Milano is the business & finance capital of Italy and hosts some of the best schools and universities in the Peninsula. A compact and flat city well served by public transportation, Milano feels more European than Italian in terms of efficiency and innovation. The Milanese have a reputation around the country for having a strong work ethic: they walk and talk fast, and go straight to the point, for time is money. The Milanese like to work during the week until aperitivo time, which is often used for professional networking while drinking a cocktail and eating finger food. Only during weekends people really find the time to kick back and relax, possibly in the city’s parks or on the Riviera.

Useful tips

However, there are some tips and tacit knowledge that is useful to have when working in a Milano office. Try to be punctual on the job and meet deadlines, although this is still Italy and you can expect some human understanding for unexpected difficulties. Base salaries in Milano for the educated workforce are usually around 1,500 euros per month for a full-time contract, while 1,000 euros a month can be considered a minimum wage for unskilled jobs in retailing or delivery. Workers have paid holidays (Dec 25-26, January 1, Easter, Liberation, May Day, Republic Day, Ferragosto) and paid vacation (at least four weeks). They are entitled to paid maternity leave (and also some forms of paternity leave) and sick days (you’ll have to see your doctor for a certificate, though).


In offices, people seldom show up before 9:30am and therefore leave the office at 6:30pm, considering that a one-hour lunch break is considered normal in Milano. Employees usually have a right to food coupons paid by the employer called ticket (from ticket restaurant, the earliest form of such benefit) which can be spent in most bars, bakeries, kebab, fast-food and pizza joints, and some restaurants (make sure they accept your kind before ordering; you’ll have to pay the difference if the cost of the meal exceeds the value of your ticket). It’s usually considered good manners to share your lunch break with two or more colleagues, but if you are anti-social type don’t worry, Milano is sufficiently individualist to let you read a book in peace while you eat a sandwich. The pandemic has however changed the 9:39-6:30 schedule with spread of distance working (smartworking the preferred Italian usage) in private and public organizations (although central and local government employees mostly are slowly returning to in-presence work), which is likely to be irreversible, at least for the professional and creative workforce which in Milano numbers in the hundreds of thousands. Hence the recent spread of private and public co-working spaces, especially in central or youthful districts, and also in the city’s peripheral neighborhoods, consistent with the idea of the 15-Minute City that the current administration is fleshing out for the next five years.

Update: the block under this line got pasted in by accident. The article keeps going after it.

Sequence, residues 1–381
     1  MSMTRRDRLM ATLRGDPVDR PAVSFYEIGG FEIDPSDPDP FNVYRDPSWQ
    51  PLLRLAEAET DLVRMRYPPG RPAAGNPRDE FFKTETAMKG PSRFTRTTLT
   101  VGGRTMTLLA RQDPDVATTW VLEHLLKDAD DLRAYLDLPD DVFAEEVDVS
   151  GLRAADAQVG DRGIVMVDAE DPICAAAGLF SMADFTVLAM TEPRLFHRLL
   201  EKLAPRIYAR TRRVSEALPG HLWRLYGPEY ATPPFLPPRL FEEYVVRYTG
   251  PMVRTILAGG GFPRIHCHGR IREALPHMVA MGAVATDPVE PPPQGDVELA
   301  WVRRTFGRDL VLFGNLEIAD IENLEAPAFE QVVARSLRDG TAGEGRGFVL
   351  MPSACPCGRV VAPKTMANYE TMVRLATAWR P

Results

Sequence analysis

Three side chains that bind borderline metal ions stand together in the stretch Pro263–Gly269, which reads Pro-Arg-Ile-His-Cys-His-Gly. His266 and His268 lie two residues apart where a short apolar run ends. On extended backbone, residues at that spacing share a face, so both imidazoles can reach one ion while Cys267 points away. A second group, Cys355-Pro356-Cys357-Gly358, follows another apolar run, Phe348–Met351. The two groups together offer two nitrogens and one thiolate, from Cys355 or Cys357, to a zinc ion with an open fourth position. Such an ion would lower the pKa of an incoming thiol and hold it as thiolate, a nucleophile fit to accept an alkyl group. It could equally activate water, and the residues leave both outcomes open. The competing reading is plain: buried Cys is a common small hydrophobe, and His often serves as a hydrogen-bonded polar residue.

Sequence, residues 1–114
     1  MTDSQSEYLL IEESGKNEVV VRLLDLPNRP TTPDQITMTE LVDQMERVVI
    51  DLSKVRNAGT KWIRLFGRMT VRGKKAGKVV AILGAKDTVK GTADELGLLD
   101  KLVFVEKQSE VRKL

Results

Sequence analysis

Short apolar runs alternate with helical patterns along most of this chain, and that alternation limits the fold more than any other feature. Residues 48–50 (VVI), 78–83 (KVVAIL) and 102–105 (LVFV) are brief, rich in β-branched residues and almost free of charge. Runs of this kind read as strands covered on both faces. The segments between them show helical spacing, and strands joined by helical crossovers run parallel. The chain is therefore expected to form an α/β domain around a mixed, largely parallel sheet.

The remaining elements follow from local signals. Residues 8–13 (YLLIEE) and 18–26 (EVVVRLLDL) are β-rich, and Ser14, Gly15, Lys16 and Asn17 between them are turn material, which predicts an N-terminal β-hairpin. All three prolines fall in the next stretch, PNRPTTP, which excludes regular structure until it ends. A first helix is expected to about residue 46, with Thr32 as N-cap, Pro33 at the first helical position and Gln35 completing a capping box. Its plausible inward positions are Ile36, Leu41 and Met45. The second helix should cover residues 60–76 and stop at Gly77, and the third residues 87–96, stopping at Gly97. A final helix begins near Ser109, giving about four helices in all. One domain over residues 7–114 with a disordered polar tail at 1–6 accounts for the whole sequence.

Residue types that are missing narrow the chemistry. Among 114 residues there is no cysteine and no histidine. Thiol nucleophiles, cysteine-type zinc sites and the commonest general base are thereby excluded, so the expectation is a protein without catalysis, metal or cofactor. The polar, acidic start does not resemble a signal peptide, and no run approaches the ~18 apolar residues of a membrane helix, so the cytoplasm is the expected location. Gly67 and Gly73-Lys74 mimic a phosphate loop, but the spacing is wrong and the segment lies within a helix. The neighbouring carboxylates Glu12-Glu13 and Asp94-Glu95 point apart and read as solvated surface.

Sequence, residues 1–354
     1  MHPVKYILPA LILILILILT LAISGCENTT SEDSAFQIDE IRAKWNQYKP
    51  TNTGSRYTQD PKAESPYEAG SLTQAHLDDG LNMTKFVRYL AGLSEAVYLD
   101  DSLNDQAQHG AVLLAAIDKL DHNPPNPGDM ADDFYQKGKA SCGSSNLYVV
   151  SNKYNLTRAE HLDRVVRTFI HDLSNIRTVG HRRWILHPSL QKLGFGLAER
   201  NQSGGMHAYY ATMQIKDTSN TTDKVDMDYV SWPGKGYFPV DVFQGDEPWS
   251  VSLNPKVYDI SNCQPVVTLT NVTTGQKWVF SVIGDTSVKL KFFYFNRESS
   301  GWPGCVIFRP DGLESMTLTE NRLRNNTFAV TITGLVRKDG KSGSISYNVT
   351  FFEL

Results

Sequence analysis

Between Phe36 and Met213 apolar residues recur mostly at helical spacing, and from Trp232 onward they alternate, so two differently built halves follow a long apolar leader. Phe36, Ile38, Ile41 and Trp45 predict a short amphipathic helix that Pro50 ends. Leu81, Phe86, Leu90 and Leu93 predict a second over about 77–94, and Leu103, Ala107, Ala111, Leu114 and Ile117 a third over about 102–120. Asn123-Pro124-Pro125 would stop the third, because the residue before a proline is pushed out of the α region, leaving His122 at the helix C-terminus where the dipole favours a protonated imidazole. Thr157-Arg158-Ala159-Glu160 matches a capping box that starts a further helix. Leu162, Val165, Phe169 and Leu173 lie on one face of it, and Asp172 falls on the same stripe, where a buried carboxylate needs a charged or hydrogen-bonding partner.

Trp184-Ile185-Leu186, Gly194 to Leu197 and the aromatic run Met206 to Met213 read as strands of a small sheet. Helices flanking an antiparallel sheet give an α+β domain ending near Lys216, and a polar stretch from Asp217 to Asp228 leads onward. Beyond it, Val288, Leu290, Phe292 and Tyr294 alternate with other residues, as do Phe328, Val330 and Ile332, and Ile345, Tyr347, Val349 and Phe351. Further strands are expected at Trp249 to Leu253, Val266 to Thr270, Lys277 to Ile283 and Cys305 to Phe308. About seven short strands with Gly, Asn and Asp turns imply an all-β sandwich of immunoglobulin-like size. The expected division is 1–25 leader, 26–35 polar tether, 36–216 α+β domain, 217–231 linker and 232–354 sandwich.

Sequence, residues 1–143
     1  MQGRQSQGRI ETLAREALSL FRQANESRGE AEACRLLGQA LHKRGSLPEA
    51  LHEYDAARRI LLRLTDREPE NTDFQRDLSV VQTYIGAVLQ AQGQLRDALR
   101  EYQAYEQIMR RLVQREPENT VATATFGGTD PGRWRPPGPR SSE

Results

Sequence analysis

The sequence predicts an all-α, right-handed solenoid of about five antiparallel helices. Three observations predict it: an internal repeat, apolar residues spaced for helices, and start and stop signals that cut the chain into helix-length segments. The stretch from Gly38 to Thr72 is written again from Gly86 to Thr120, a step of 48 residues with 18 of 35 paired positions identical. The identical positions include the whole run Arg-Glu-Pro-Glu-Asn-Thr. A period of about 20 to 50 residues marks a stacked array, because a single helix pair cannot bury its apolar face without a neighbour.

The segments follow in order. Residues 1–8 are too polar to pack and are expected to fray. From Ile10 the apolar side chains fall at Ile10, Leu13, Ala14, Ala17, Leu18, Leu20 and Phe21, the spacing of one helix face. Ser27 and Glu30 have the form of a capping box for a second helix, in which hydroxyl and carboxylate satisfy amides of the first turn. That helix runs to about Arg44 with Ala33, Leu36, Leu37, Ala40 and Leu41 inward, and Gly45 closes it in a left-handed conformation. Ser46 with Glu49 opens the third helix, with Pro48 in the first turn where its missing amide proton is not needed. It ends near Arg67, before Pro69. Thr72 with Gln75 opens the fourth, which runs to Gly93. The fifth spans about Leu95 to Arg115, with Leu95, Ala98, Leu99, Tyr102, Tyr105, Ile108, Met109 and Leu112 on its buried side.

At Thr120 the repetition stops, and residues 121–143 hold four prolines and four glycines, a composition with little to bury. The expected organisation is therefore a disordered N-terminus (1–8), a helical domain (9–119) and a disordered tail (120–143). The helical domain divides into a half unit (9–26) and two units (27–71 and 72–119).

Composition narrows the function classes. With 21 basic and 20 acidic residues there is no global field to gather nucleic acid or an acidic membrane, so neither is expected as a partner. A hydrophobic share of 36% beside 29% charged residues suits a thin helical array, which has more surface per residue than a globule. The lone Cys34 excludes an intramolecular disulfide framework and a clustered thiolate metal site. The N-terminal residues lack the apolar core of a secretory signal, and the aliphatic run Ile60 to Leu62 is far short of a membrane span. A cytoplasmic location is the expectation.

Convivial opportunities

People in Italy like to socialize on the job, which sometimes can be annoying if you have to get stuff done. However, be graceful when saying no to the n-th coffe break somebody proposes (Italians always have an excuse for an espresso, and who can blame them? It might even boost productivity). Colleagues also like to be informal in office relations, although you should be wary of bosses chumming out to you because it’s usually to extract some favor, concession or extra effort? However, you’re strongly expected to take part in office parties, usually at Christmas time, when the whole office usually go to dinner together.

Welfare assistance services

Gender parity in Italy is still a somewhat distant prospect, but in Milano female employment and women leaders have long been a trait of the city. Sexual harassment is rarer than elsewhere and women can expect solidarity and redress in case of untoward behavior coming from male colleagues or supervisors. However, for certain cultures, Italians might seem excessively warm or loud (and use profanities) on the job, and you should make some allowance for that, if this is of course no affront to your dignity or self-respect. Never be afraid to manifest your discomfort or denounce an abuse, as Milano is a liberal city intolerant with any form of discrimination, on the job and off the job. For an employment controversy, you can contact one of the many Italian unions (CGIL, CISL, UIL being the strongest in terms of membership) to receive assistance. Unions are well-entrenched in Italy and along social organizations like ACLI offer tax filing and welfare assistance services in centers called Patronati.